The focus at STFC these days is to expand the business further, by pushing out the traditional truck brokers who dominate the resale market. This is being done by organising the sales of repossessed trucks at auctions all over the country. STFC finances the purchase but without any commission, saving money for both buyer and seller. The company has begun maintaining a nationwide database of trucks, with pictures of the machine and details of its condition and age. Truckers can access these on touch screens and decide if they want to buy a vehicle.
(by Cuckoo Paul)
Thrissur-based lender against gold collateral. Promoted by P.H. Nandakumar
Secret Sauce Low-cost, high-speed working capital lending against one collateral most Indians have: Old gold ornaments.
Financial Dashboard Sequioa Capital invested in 2006 at Rs. 130 a share. UK-based fund Ashmore-Alchemy invested a year later at Rs. 170 a share. Today, the share price is Rs. 677.
What the Smart Set Saw Lending to customers who aren’t necessarily poor but who would never access a bank. All lending backed by gold!
Lending against gold is an age-old business and at the face of it quite simple. After all, what does a lender do? He assess the value of jewelry and gives out a loan on a substantial portion of its value. Theoretically, then, this should be a totally commoditised business. But then, there are some like Manappuram Finance that take it a professional notch higher.
Till 2006, the business trudged along with a growth rate of around 15-20 percent per year. Then in 2006, something changed. ICICI Bank saw a potential in bankrolling entities who were reaching out to the unbanked. And Nandakumar decided to step on the gas. He borrowed to boost his lending capacity, but also raised equity to keep a leash on his own gearing. As a result, Manappuram’s network has grown from 50 branches in 2006 to almost 900 branches today.
Nandakumar likes to keep each branch very small and leanly staffed. When the business grows, he doesn’t go for a bigger office but opens a new branch. “Our aim is to give a loan in five minutes. Today. it takes about 10-15 minutes still. We want to cut that down,” says I. Unnikrishnan, president.
The gold lender’s costing is his advantage. “Assume 20 minutes for a loan. So 25 loans a day? Assume 20,000 loan size. That’s just Rs. 5 crore business. My costs are less Rs. 2 lakh per branch. It would be hard for a bank or even an NBFC to keep their costs so low,” says Unnikrishnan. So players like Fullerton, Reliance Money, Shriram Chits and even Mahindra & Mahindra Finance tried getting into the gold loan business but haven’t been able to scale up.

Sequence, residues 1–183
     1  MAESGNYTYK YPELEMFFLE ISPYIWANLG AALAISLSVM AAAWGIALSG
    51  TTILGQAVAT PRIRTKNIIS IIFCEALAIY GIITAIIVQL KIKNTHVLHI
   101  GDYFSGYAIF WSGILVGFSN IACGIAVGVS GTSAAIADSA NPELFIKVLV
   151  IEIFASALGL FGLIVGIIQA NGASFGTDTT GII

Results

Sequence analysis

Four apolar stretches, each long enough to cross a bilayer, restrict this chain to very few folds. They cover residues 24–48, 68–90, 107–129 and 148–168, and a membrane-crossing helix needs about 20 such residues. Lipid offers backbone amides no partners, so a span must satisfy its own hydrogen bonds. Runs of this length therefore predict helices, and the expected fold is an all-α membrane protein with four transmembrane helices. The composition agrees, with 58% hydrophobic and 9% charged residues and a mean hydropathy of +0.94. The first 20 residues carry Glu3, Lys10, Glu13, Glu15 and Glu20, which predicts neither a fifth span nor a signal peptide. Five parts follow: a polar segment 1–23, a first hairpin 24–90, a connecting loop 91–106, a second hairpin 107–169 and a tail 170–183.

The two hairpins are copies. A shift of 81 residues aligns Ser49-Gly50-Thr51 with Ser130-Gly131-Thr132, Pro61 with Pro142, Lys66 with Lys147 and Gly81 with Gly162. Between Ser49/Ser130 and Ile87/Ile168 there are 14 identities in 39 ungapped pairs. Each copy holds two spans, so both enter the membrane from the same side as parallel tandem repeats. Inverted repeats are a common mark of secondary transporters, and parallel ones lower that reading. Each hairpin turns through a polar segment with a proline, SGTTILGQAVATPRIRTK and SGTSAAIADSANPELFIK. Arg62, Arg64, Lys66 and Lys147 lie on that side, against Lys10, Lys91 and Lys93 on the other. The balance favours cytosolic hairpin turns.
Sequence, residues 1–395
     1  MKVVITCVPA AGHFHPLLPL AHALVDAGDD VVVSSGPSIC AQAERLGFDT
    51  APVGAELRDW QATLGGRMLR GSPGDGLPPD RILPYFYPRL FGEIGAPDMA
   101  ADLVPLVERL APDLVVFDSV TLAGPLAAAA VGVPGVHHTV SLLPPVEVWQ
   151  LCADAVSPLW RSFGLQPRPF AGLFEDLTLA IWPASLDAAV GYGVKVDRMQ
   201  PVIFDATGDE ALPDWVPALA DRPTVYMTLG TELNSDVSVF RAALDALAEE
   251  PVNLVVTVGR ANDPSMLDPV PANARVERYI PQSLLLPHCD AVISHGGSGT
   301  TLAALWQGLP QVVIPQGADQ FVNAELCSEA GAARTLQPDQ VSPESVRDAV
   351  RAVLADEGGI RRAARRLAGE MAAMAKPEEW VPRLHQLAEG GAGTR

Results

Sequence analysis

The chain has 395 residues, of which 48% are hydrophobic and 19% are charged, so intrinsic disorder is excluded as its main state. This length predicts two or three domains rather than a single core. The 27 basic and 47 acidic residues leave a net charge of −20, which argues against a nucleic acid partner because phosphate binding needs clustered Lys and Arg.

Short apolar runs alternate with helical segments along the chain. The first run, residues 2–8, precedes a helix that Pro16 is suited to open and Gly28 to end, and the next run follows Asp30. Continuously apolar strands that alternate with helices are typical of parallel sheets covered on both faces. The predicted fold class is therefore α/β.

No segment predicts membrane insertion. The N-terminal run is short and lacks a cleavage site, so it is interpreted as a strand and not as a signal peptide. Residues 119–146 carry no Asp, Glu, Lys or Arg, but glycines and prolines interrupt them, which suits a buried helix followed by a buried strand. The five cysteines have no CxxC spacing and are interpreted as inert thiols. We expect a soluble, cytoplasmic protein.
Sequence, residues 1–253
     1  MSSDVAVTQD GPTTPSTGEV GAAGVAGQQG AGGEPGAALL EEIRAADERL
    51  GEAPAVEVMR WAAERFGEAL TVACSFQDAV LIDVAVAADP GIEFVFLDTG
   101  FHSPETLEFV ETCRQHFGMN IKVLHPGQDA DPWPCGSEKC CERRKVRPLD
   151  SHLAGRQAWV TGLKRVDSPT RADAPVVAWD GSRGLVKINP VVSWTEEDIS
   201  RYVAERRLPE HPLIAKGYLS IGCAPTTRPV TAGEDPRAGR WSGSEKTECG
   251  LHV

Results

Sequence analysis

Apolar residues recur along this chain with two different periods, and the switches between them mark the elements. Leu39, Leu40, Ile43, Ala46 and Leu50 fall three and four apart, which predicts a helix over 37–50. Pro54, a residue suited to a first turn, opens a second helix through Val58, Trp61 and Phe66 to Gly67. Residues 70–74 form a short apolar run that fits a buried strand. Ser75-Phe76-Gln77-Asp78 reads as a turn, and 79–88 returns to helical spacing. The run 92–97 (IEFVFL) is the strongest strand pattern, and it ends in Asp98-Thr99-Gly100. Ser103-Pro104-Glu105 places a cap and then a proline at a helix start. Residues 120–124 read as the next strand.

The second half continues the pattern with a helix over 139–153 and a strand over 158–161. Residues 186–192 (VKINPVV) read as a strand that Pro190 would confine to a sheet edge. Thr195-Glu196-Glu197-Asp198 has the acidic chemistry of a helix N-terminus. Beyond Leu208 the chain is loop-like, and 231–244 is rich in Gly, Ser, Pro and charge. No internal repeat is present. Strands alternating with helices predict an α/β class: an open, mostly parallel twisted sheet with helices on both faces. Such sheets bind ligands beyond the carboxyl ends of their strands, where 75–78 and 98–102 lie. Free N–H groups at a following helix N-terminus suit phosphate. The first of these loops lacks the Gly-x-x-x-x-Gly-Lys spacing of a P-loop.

What’s next? “There is no reason why can’t grow to 2,000 or 3,000 branches across India. After all, gold is there in almost every Indian household.” Ask Nandakumar whether he sees any risks and pat comes the reply: “Yes if the price of gold falls to zero then we are in trouble.”
(by Shishir Prasad)
Manufactures “passive” infrastructure products like enclosures, air conditioners and power management units for telecom companies. Founded by Manoj Kumar Upadhyay, 39.
Secret Sauce Materials that cool electronic equipment using very little electricity
Financial Dashboard Net sales (for the 14 months to May 2009) was Rs.2,130 crore; Net profit was Rs.505 crore; five year CAGR of 128 percent for sales and 122 percent for profit; Rs.300 crore cash flow generated from operating activities in a 14 month period; raised Rs.197 crore from DB International, Earthstone Holdings and Kotak Mahindra Capital in 2007 by selling 1.66 percent in 2007 and another Rs.400 crore from Monsoon India Inflection Fund and Jackson Heights Investments in 2008 by selling 3.35 percent. Acme’s valuation in both cases was around $3 billion. But when market conditions delayed Acme’s planned 2007 IPO, the company was forced to buy back most of the shares held by these investors.
What the Smart Set Saw A great inventor who understands energy applications inside out and has been able to build a business of Rs. 2,000 crore in just six years.
It is not often that a fast-growing company with revenues in hundreds of crores is able to expand without having to dilute the capital or borrow heavily. One could argue that when a company reaches revenues of Rs. 100 crore, its need for capital balloons and the entrepreneur must necessarily resort to external financing.